You are referring once again to the "slow moving server side" where the open source platform such as Linux has a chance to compete vs. the fast moving mobile + desktop world where it does not stand a chance.

This is a myth, nothing more; as a programmer I find it hard to comprehend that you think we are willing to waste our time writing drivers etc. for hardware we will never own. Why do you think Linus Torvalds only supported 1 type of hard-disk in his first release?

Hardware for modern servers etc. is insanely expensive, do you really believe that programmers go out and buy modern servers $50.000 just to see if they can get them working with their favourite operating system?

The reason Linux has succeeded on the server side is that firms understood that it's actually cheaper to help build/maintain/run this operating system, than other proprietary alternatives. There are companies helping out on the server side just as much as Google is helping Linux in the mobile space, server side Linux is by no means a non-profit.

You cannot call failed version of Linux for Linux, and successful ones something else.


i am completely satisfy with your points and really apple is now in good demand as compared to apple so its nice content!

Janne Särkelä


Linux kernel has shown remarkable success in the consumer electronics market because of its scalability. You are comparing Linux to the other players as if it was a competitor. It's not. Linux is a tool and a platform.

Google made the obvious choice and decided to go for the flexibility and adapt many of characteristics of the open source to spread their fork of the Linux kernel. It's because of that Android is so successful. Besides I read that Samsung is now a platinum member of the Linux foundation.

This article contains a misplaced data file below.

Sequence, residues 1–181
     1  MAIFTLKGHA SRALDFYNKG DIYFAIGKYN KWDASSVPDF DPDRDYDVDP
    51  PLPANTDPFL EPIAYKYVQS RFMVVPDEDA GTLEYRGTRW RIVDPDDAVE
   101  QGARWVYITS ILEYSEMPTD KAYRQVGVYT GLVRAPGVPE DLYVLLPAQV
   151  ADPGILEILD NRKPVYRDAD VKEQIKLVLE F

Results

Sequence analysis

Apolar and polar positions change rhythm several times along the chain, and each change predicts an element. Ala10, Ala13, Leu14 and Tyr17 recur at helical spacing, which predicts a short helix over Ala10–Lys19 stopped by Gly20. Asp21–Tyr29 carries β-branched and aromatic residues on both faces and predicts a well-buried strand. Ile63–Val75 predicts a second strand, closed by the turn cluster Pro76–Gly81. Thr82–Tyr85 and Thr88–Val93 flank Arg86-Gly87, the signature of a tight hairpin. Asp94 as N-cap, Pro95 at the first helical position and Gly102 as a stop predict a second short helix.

That's only natural, because Samsung uses Linux and its derivatives in great part of their modern products. By being a platinum member they gain access to the Board of Directors - so it's safe to say that for Samsung Linux is in the core of their business model.

Completely other point is to compare the success of different Linux based systems and projects.


Baron95> You are confusing competitive first world consumer electronics market with hobby.

Nokia certainly seems like a pretty expensive hobby with 120.000 employees..

Linux has not succeeded in the server market because "the server side moves slow enough" for the sluggish free software makers to keep up. There are huge financial interests which keep up with proprietary software makers. IBM, Oracle/Sun, RedHat are not involved in some elaborate "hobby".

What IBM, Oracle, Google etc. did for GNU/Linux on the server side, Google/Samsung/Nokia has been doing for the mobile consumer market, there is no technical argument for why this has to fail. You claim that it moves to quickly with some vague terms like interfaces and attachments, but these are hardly arguments to support your view.

Baron95> .. that open collaborative development amounts to anything in the consumer space, but it just does not.

By what metric? It almost sounds like to talk about money here, and by such measurements very few non-profits are successful. The most successful multi-media player is VLC, not in terms of profits since they give it away for free naturally, but in terms of users.

You cannot compare BSD and GPL like you are doing with Apple and Google, the licenses are both free, but copyleft is a very powerful trait of the GPL, that the BSD license lacks. What a company does for Linux will typically benefit Linux, unlike BSD projects which have no say..

John Phamlore

Take a look at the top mobile OSes listed in Tomi's article that have a future. There's something amazing about them hardware-wise that for some reason is never mentioned. Why is that?

1. Android
From the comments section, apparently from someone involved in the development of Android:
"Qualcomm was very supportive of us and provided documentation, technical support, etc, while we did the coreLinux port for MSM7X0X and MSM8X50. Since then they've become much more involved and are [now] working directly with the community, submitting patches on lkml, etc."

Qualcomm would have had major incentives to work with Android since earlier Apple's iPhones used Infineon chipsets.

2. Apple's iPhone 4S replaced much of Infineon with Qualcomm chips

3. RIM's make-or-break "first BlackBerry 10 smartphones will come equipped with Qualcomm's S4 Pro MSM8960T processor" according to